I love working with parents. I love listening to us, I love how hard we work, I love what a force for change we represent – we would do almost anything for our kids. I love how hard we strive for integrity.
This year, what would I like for parents? I’d love that we get paid for the work we do. I’d love that we had enough training. I’d love that there was enough practical help and support that we could get a regular, reliable break when we needed it.
But the real killer, for parents, is what happens to the inside of our heads. We are soooo hard on ourselves. I’d love for us to stop that.
I understand. The places where we struggle end up having an effect on our kids, the people we care about most. It almost looks like we deserve to feel bad. Not just feel bad, but we are bad.
It started a long time ago…
While our struggles might look bad enough to justify giving ourselves a hard time, this is a habit of mind which rides on the back of much earlier times in our lives. Times when somehow or other things had gone wrong and we felt at fault and were unable to fix things or influence things. I think many of us had feelings (maybe not often, but at least sometimes) that we weren’t good enough. The people around us – often the people we most cared about and depended on – might have actually told us that.
In my experience, this starts very very early. Maybe even at birth. If we’ve been lucky, and have not accumulated trauma pre-birth or during the birthing process, we come out into the universe with a deep sense of connectedness with all other living things, and a sense of our own power. We expect to be able to influence things to get our needs met. We expect, of the people around us, to be met with a willingness and ability to connect.
But often, more often than we can imagine, this doesn’t happen. We aren’t able to pull the human beings caring for us in close enough. And because we don’t have a lot of information about the world at this point, we think it must be our fault. We don’t think, when we observe our mother unable to connect well with us after a challenging birth: “Oh! She’s exhausted and needs someone to listen to her about everything to do with that experience she just had. When she gets the support she needs, she will be able to connect with me.” We don’t know that this is all it might take. In the face of distracted adults and difficult times, as children we tend to think it was our fault. Things go badly, and we feel bad about ourselves.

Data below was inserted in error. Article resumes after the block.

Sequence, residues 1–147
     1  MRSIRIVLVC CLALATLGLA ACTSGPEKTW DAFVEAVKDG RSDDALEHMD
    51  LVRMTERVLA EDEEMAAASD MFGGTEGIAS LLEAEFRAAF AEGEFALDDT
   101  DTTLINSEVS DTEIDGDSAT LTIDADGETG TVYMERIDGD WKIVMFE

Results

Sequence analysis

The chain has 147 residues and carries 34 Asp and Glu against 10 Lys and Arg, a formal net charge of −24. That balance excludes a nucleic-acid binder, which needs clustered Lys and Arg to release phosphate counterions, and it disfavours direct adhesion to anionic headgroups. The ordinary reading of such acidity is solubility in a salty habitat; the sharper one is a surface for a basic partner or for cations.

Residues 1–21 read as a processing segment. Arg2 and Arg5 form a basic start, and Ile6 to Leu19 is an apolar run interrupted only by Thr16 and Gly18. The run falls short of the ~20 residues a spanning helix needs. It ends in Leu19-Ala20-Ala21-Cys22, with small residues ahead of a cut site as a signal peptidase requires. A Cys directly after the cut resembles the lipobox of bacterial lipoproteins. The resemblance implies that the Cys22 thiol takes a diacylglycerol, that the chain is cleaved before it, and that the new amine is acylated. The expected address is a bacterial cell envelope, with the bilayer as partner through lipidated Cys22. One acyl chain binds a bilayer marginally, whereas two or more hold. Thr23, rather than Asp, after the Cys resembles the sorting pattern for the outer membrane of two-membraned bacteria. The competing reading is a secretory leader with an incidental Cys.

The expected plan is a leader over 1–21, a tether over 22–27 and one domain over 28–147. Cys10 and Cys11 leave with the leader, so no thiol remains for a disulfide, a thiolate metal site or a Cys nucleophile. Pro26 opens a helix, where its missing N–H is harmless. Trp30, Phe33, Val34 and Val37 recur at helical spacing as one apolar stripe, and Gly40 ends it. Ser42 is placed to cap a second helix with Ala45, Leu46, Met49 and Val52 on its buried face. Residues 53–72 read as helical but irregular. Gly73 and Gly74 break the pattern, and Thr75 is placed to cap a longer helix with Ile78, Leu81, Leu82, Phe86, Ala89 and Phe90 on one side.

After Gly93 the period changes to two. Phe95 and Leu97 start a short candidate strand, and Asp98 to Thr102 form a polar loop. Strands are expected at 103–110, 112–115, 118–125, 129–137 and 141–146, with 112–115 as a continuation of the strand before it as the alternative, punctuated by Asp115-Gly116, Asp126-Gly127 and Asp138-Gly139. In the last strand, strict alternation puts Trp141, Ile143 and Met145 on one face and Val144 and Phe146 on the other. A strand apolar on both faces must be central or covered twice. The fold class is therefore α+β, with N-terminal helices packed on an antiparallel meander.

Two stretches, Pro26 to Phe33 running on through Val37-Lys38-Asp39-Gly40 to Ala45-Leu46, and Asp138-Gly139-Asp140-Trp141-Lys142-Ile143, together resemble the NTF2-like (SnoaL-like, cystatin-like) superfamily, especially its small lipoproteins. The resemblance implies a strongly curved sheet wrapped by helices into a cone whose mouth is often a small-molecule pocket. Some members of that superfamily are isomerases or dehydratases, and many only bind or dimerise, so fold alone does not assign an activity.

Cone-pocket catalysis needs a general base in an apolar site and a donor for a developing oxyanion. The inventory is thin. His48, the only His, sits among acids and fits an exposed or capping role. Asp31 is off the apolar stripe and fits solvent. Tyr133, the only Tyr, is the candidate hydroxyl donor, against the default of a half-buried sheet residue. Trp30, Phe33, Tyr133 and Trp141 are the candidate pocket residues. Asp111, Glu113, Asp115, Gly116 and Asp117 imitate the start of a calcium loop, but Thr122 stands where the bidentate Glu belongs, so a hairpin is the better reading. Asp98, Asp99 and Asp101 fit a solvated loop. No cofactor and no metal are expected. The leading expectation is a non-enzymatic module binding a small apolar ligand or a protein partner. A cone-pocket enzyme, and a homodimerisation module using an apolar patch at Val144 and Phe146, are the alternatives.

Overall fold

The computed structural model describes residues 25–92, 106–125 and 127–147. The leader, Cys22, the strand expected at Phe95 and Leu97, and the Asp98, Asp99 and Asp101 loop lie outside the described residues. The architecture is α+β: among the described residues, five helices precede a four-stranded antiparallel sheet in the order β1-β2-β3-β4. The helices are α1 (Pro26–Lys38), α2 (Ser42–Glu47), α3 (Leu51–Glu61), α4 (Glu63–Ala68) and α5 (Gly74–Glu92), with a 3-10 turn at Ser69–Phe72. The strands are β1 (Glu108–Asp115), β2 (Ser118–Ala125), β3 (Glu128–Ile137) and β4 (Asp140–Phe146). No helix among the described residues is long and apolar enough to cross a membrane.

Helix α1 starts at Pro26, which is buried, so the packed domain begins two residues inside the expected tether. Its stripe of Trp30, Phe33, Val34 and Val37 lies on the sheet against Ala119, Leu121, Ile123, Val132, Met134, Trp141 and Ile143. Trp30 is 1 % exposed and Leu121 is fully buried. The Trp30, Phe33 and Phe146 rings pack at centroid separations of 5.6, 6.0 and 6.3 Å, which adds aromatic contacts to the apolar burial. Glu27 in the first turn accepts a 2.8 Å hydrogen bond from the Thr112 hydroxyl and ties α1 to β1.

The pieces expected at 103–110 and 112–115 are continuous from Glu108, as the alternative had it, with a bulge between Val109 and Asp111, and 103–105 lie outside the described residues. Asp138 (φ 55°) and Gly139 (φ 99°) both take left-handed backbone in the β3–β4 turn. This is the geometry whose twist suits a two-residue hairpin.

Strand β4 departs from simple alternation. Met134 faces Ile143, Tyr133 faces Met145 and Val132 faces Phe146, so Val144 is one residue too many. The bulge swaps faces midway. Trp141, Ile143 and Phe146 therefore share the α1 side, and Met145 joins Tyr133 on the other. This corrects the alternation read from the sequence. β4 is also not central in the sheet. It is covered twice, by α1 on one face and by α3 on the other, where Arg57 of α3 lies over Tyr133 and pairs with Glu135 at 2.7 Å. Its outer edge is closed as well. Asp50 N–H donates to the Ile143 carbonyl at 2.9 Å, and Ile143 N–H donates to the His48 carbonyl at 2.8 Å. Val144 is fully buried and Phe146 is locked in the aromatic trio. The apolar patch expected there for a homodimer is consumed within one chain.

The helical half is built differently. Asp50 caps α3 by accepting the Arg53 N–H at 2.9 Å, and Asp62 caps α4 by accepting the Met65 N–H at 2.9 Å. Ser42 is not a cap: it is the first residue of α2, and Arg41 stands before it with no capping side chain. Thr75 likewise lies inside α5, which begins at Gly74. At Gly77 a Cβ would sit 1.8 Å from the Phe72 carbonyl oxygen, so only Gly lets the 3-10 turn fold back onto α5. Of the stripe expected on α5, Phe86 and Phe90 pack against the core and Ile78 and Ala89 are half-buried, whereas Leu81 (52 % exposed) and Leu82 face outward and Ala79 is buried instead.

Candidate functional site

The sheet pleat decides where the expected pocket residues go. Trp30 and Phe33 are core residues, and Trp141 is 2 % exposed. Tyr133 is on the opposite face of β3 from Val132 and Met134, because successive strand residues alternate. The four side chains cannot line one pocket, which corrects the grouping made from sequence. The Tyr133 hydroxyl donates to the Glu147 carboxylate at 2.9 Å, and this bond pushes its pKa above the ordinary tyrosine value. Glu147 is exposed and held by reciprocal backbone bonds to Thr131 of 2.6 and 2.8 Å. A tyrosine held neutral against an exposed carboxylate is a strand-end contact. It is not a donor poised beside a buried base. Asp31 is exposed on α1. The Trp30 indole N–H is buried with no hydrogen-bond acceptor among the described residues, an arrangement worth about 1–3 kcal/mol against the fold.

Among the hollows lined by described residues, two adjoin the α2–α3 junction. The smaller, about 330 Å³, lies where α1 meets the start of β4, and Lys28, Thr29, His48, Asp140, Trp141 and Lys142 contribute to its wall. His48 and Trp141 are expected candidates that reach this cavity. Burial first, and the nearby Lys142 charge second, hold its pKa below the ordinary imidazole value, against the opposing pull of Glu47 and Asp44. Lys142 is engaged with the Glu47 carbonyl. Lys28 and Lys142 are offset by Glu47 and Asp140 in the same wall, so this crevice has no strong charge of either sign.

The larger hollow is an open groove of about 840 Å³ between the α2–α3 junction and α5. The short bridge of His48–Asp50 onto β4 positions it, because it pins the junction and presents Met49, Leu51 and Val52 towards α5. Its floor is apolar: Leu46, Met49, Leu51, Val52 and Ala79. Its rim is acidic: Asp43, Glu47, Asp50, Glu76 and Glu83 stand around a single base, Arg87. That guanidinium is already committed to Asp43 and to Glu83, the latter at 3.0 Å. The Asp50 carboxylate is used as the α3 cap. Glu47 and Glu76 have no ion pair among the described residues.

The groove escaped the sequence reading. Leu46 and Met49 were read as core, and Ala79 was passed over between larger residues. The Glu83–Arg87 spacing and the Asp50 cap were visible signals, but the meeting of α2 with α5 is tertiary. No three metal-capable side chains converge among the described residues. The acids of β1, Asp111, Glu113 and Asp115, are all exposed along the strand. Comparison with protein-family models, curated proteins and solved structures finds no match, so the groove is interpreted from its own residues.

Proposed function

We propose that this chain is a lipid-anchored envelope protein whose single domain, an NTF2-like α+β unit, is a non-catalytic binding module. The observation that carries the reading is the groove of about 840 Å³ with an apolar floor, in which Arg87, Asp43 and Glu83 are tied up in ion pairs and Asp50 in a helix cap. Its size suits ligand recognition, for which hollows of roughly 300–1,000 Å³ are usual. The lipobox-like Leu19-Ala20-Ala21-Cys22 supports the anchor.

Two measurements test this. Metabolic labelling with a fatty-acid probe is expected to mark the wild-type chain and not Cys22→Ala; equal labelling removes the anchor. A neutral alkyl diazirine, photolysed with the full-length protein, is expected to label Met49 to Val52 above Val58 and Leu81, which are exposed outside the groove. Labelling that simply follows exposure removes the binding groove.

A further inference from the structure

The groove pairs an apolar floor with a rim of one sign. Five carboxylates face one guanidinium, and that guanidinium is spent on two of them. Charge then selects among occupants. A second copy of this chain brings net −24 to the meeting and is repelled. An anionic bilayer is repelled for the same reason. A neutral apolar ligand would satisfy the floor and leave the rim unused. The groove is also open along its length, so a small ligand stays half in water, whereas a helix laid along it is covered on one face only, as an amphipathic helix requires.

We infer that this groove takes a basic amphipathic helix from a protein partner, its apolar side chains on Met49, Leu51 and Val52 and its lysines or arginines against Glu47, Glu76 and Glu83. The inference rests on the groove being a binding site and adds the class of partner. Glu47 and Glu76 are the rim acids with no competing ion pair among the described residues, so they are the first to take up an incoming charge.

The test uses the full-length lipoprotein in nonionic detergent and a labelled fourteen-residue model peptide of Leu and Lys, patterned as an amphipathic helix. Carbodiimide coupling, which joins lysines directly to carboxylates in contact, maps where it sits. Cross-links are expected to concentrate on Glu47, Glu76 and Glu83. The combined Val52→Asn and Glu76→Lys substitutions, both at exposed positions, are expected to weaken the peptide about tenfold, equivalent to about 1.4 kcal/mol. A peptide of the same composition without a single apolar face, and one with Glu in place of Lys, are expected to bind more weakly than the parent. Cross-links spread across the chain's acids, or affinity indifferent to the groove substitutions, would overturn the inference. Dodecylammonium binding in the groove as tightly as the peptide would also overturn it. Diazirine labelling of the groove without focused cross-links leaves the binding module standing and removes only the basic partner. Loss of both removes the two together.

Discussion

The way our minds work, when daunting circumstances present themselves, we go back to search for what we already know about similar times. We pull up earlier memories of difficult times – which come wrapped up in feeling bad about ourselves. These old feelings “turbo charge” any current difficulties.
As parents, there are challenges we can’t avoid
Before we had children, we might have been able to avoid doing things that triggered that feeling. And when we got caught in the feeling of badness, we might even have had the time and attention to do things that pulled us out. Things that helped keep us on track. Like getting enough sleep, rest, exercise, company…
Once we have children, however, we can’t so easily side-step difficulties. In fact, our commitment to parenting, our commitment to our children, means we often have to remain in an uncomfortable space much longer than we might otherwise have done.
We make mistakes
In addition, our sense of being bad really “gets legs” when we slip up, when we make a mistake and do something which tears at the fabric of our relationship with our children. It’s like it goes on steroids. The evidence of our badness is right there before our eyes, in our screaming child, or our child who says they hate us, or our raised voice or fist.
We are also vulnerable because as parents, there are a bunch of expectations out there in the world about what we should be doing and how we should be doing it. However, those expectations often don’t fit what actually happens. These are expectations about how we should discipline, feed, sleep, educate, inspire our children. How our children should behave. How we will manage the complex business of earning a living and parenting.
Often, these expectations are based on wrong assumptions. Assumptions that don’t take into account that many of our children’s struggles are emotional in origin. Or that difficulties stem from, and are magnified by, lack of connection. Assumptions which don’t acknowledge how under-supported parents are.
Sleep is an example: Where I lived when I was parenting young children, in my culture[i]*# children were expected to get used to sleeping on their own. But in cultures different from mine, there is a very different expectation about sleeping arrangements. People regard it as normal to sleep with their children. My point is not that there is some “right” sleeping arrangement. It’s just that many, many parents struggle in vain to get their very young children to sleep alone, or sleep through the night. And then they feel bad when their children won’t (and it’s more than just sleep deprivation, although that doesn’t help!). It’s possible, however, that this isn’t a reasonable expectation. Perhaps little children need to stay close to someone at night. (That said, everyone deserves a decent sleep, and if you’re struggling on this front in your household, I recommend getting some help to sort it out. It isn’t a bad thing at all to aim to have your children sleeping alone – you just need good information about what is possible and a plan for how to go about it.)
Bad, or insufficient information
Other times, we are hobbled because we don’t have enough information. We are trying to do the right thing, but it turns out to be challenging. When we struggle, we think it is our personal fault. An example? Perhaps getting children to eat a varied diet. I learned this week that just because of our human biology (i.e we are biologically set up to favour sweet over savory), you have to offer an infant a savory food 13 times before they will accept it. And (as every parent would know), you only have to offer sweet food once.[ii]
So it’s not your child’s failing, or yours, that it’s hard to get them to eat a range of foods. If the expectation met the reality, then you’d know you just need to persist. Bring the limit, and hold it (in this case, keep offering savory food). The challenge would be easier to understand: parents need to offer savory food many many times. And controlling sweets is a case of the parent as “safety manager”, because biology is working against children easily being able to keep themselves safe in this regard.
The bigger picture